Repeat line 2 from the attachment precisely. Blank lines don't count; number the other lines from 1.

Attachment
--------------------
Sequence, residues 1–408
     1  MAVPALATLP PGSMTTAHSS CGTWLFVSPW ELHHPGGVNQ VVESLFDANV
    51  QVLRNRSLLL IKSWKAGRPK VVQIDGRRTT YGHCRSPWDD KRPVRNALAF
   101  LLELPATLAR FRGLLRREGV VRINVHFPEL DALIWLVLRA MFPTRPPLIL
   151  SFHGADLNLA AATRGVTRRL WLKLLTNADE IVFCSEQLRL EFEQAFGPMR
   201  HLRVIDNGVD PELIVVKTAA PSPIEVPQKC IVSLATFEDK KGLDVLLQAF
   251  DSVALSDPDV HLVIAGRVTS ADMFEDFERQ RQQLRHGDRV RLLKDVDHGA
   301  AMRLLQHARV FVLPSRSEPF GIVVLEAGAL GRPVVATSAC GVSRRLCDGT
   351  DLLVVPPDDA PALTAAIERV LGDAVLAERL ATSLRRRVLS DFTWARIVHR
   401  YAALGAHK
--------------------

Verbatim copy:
     1  MAVPALATLP PGSMTTAHSS CGTWLFVSPW ELHHPGGVNQ VVESLFDANV